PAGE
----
My routine is pretty simple. I check the weather channel and cross check it with the network news and do a triple verification on a web weather site the night before. If the temperature is supposed to be in the descent range, start thinking about going for a run in the pitch black of a Saskatchewan winter morning. It is of course understood that December 9th is not yet winter.
The whole process is much akin to using the entrails of a chicken to prognosticate and plan the next day's outdoor exercise, or whether (no pun intended), there will be any at all. My threshold for a solo run in the dark, when everybody is still sleeping is -20c. Now the wind often blows here, so -20c is the perceived temperature. This morning, for instance, it was -6c, but with a windchill of -19c (37km/hr winds). I have come to understand that running alone, in the dark at temperatures below that is just stupid.
Now I have been stupid in the past. For instance running the Hypothermic Half marathon in -36c one year and then compounding the stooopid factor by running it again the subsequent year when it was -47c with windchill. Don't get me wrong. It can be done. And other than the panic when I couldn't get my frozen balaclava to work or my glove back on after trying to scrape some frozen gel into my mouth, it was somewhat generally, mostly unpleasant. But think of the bragging rights!
I still remember, during one training run that was longer than three hours, a wise fellow runner wondered "why are we doing this, we aren't training to be flippin' polar bears!"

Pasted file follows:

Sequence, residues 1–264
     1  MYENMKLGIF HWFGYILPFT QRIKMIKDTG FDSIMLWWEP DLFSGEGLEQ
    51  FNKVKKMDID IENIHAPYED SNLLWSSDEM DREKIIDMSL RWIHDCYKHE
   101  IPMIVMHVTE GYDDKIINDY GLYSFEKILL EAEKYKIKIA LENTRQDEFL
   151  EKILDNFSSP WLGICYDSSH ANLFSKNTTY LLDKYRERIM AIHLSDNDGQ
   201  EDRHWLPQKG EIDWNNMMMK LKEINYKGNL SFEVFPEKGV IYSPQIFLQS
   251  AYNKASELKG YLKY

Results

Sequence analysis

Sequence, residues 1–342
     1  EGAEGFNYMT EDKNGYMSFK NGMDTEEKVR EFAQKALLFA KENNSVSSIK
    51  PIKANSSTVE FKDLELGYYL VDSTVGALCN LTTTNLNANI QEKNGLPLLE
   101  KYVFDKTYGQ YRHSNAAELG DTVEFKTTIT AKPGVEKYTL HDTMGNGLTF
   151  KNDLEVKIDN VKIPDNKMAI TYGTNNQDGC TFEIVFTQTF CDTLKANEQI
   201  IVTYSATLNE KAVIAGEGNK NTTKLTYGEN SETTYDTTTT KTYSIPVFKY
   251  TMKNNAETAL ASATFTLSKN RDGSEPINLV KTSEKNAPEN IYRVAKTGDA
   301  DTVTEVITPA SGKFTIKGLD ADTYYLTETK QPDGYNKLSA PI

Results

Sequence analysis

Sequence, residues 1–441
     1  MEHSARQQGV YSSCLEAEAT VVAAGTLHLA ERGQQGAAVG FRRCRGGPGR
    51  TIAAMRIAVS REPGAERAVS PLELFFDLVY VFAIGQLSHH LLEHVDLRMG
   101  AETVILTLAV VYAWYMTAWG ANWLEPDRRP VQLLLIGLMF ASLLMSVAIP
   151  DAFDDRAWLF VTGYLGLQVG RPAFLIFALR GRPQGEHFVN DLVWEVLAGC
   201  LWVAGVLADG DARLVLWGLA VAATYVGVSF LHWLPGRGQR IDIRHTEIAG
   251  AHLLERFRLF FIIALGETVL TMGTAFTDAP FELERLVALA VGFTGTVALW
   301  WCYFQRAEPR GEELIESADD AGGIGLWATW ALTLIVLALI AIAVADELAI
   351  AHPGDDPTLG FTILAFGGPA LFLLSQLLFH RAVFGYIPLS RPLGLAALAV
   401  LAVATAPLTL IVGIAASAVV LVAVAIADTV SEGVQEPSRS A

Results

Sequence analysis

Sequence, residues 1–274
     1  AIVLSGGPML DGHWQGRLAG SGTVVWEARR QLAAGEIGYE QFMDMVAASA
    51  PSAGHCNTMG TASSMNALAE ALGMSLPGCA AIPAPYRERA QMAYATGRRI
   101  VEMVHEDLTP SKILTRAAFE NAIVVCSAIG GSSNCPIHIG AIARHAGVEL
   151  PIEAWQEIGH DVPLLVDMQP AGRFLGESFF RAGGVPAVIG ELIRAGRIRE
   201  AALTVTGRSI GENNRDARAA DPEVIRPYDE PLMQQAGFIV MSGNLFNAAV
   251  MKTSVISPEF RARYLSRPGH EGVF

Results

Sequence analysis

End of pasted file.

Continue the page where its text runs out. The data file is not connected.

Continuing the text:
But I do it because I need to run. Not run inside, but be outside. Moving. Breathing...and being just a little scared of what could happen if I stop.
When I finally make the decision to run...I face a brief moment of fear. Am I dressed appropriately? What happens if I slip. What happens if I can't run and I'm sweaty? In the five or so years I've been doing this, I have only turned back home once. That was due to so much ice that I couldn't make it more than half a block without slipping.
Still, the fear is there. I never feel this fear in the fall or summer or spring. What if I'm too hot? Well, I can peel off a layer. I can do that every other season. Not now. My layers are at the bare minimum to provide warmth, but limit moisture as I sweat more than the average industrial condenser.
I've often wondered why it is that my heart rate always races the first 5 minutes of the run. Maybe I'm having an anxiety attack over the fear of the unknown.
Still. At 5 a.m. the sparkling white darkness invites me, like the song of sirens into a strangely familiar realm to which I must return.
Within half a block from my house I'm fine, the panic subsides and is replaced by the annoyance of aching joints and muscles. That too subsides by the time I'm on the trail. From there, I find my stride and complete the run I chose to do...and never again consider the cold or the wind or the snow.
But I dare not stop.
...Between the woods and frozen lakeThe darkest mornings of the year...